Sustainable Use of Resources with Biocoal
Joint Project of Freie Universität, Tierpark Berlin-Friedrichsfelde, and Botanic Garden and Botanical Museum Berlin
№ 176/2017 from Jun 29, 2017
Scientists from the Department of Earth Sciences at Freie Universität are developing low-emission and environmentally friendly waste management at the Tierpark Berlin-Friedrichsfelde zoo by producing and using biocoal. As part of the CarboTIP project, they are testing whether, in addition to wood, the extensive foliage biomass at the Tierpark Berlin can be carbonized and thus converted to biocoal and energy. The aim of the researchers is to improve the CO2 balance of waste management in the zoo. They also hope to be able to estimate the possible applications of biocoal technology in waste disposal in Berlin. The "CO2-Sequestrierungspotential Tierpark" project (CO2-sequestation potential in the Tierpark zoo; project duration: 12/2016 to 01/2020) is being funded by within the Berlin Program for Sustainable Development (BENE: Berliner Programm für Nachhaltige Entwicklung) with funds from the European Fonds for Regional Development (EFRE) and the State of Berlin (funding code: 1123-B5-O). It is being implemented in collaboration with the Tierpark Berlin-Friedrichsfelde and the Botanic Garden and Botanic Museum Berlin.
"The utilization of organic and other waste materials spares fossil resources and makes a substantial contribution to climate and environmental protections," said Prof. Dr. Dr. Konstantin Terytze from Freie Universität, who heads the project. He says that biocoal could become an important tool within a sustainability strategy. Over the long term, biocoal stores CO2 from the atmosphere, reduces greenhouse gases during composting, and minimizes the leaching of nutrients into the groundwater. In addition, the production of biocoal provides energy that can replace fossil fuels.
With an area of 160 hectares, the Tierpark Berlin-Friedrichsfelde is one of the largest landscaped animal parks in Europe, and it is therefore an excellent location for research on and application of biocoal technology, explained the coordinator of the project, Dr. Robert Wagner. He said, "Especially the amount of foliage, 16,000 cubic meters annually, is a huge untapped potential for the production of biocoal and the associated storage of carbon." Building on the findings and experiences of the TerraBoGa research project in the Botanic Garden and Botanical Museum Berlin from 2010 to 2015, the scientists will test this technology in the Tierpark zoo and include new and expanded aspects.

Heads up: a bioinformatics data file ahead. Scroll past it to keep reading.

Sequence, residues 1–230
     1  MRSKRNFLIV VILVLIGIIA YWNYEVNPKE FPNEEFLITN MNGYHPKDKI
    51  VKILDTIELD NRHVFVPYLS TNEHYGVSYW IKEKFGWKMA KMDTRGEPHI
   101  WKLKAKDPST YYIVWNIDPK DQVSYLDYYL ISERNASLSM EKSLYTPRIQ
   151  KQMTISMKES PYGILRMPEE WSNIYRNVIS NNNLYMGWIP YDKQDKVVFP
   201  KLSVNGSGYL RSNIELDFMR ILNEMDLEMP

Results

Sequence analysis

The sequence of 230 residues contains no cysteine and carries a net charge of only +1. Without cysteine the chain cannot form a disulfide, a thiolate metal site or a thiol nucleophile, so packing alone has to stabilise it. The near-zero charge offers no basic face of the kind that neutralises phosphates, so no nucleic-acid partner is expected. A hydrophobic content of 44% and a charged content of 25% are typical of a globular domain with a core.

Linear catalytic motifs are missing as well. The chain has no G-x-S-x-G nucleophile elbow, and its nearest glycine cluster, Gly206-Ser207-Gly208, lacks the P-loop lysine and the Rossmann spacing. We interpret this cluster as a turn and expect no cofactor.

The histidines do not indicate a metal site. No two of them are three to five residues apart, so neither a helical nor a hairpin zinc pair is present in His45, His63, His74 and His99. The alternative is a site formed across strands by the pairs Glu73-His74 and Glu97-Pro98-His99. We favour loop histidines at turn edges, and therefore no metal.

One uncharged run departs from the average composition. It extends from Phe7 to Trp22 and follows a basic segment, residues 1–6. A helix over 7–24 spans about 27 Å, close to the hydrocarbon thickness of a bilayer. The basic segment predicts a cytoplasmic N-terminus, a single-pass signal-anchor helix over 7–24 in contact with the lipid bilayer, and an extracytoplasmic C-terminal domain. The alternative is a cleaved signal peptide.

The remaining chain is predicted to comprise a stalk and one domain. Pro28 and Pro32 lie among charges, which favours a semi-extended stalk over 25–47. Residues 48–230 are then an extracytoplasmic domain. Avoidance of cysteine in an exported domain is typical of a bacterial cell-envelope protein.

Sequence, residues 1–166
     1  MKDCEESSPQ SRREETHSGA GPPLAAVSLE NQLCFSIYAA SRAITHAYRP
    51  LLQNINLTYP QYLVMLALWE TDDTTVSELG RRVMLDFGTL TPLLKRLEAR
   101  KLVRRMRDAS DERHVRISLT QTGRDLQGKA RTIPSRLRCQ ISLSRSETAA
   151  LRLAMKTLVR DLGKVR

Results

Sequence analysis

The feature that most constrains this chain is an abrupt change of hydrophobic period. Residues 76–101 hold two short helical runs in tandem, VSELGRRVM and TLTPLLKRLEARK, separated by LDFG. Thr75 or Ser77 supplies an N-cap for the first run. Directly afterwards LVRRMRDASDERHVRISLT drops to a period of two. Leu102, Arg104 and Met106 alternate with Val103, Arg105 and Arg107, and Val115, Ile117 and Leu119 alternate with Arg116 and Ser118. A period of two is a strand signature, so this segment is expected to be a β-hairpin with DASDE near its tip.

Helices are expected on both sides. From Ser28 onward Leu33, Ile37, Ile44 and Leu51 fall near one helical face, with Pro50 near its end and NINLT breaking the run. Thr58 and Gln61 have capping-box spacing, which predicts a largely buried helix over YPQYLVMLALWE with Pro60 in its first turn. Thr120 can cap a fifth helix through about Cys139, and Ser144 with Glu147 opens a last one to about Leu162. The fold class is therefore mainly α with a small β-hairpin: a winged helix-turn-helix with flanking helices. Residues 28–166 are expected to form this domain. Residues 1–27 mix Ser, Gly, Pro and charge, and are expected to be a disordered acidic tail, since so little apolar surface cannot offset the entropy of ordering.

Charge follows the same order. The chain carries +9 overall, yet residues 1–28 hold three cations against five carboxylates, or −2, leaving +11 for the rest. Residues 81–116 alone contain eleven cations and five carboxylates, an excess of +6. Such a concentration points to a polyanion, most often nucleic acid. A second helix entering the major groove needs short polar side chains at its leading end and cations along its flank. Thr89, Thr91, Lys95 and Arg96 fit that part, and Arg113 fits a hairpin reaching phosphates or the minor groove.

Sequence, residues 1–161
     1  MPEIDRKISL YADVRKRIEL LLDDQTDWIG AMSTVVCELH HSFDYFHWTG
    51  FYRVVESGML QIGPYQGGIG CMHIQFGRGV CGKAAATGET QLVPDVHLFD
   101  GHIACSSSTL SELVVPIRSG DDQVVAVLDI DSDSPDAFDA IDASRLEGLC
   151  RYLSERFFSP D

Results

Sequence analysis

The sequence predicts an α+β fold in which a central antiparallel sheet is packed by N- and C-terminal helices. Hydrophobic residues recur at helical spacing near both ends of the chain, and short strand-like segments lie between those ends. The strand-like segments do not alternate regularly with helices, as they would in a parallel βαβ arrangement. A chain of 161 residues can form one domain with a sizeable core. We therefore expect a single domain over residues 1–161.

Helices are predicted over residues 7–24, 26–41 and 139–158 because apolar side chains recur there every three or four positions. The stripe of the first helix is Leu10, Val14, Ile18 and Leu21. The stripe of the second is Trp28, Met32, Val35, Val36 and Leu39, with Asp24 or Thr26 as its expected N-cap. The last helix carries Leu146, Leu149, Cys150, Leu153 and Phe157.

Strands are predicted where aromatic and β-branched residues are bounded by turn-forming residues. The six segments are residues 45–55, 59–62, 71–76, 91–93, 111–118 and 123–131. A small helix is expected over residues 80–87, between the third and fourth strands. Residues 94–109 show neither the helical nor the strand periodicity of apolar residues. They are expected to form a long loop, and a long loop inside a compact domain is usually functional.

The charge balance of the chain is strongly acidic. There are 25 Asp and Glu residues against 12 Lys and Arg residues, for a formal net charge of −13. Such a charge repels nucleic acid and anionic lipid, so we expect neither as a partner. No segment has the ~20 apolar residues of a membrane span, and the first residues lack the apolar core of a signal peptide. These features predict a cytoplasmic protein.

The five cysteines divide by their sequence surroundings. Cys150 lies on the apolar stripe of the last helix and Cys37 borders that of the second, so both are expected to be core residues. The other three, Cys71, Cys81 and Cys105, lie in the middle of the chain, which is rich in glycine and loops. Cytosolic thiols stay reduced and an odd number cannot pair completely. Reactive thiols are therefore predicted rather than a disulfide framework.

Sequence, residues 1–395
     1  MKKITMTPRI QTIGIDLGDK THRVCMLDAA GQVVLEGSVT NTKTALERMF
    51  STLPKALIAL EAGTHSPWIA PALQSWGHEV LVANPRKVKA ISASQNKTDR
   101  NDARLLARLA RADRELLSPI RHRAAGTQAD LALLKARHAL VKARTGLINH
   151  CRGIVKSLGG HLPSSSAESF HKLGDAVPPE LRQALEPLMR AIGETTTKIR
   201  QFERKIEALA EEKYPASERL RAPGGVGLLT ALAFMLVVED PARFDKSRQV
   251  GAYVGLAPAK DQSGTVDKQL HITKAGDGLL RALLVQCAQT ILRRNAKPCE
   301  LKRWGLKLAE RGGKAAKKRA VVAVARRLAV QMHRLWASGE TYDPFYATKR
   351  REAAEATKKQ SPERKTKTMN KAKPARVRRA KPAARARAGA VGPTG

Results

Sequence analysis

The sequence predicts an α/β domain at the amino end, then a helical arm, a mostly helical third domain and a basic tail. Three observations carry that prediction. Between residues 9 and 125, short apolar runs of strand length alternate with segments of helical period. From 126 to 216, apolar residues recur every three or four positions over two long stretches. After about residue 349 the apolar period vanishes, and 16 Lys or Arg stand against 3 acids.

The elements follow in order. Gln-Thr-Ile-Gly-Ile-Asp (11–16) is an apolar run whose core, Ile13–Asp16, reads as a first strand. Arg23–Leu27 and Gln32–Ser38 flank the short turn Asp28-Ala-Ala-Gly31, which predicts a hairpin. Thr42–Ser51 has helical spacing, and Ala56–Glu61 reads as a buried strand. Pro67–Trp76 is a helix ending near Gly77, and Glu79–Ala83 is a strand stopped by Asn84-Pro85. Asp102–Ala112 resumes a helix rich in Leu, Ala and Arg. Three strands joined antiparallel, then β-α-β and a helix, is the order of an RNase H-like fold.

"In this project, the researchers will investigate the suitability of foliage for the production of biocoal to improve the efficiency of carbon and energy (use of waste heat for heating the display rooms and animal housing)," said Prof. Dr. Dr. Konstantin Terytze. For this purpose, the collected leaves are treated and pelletized. The biocoal is produced from the foliage pellets in the carbonization facility at the Botanical Garden Berlin at Freie Universität. The plans also include controlled composting of the manure and plant wastes with biocoal and the production of substrates tailored to the different planting concepts of the zoo park. The various environmental effects, such as greenhouse gas emissions, nutrient leaching, and effects on plant growth will all be tested on site.
Once the project has been completed, the findings will be compiled into an overall ecological survey, and economic considerations will be analyzed in the context of cost-benefit analysis. A manual will be prepared to facilitate the transferability of the research results to other locations and by other actors.
Dr. Robert Wagner, Department of Earth Sciences, Freie Universität Berlin, Tel.: +49 30 838-70435, Email: firstname.lastname@example.org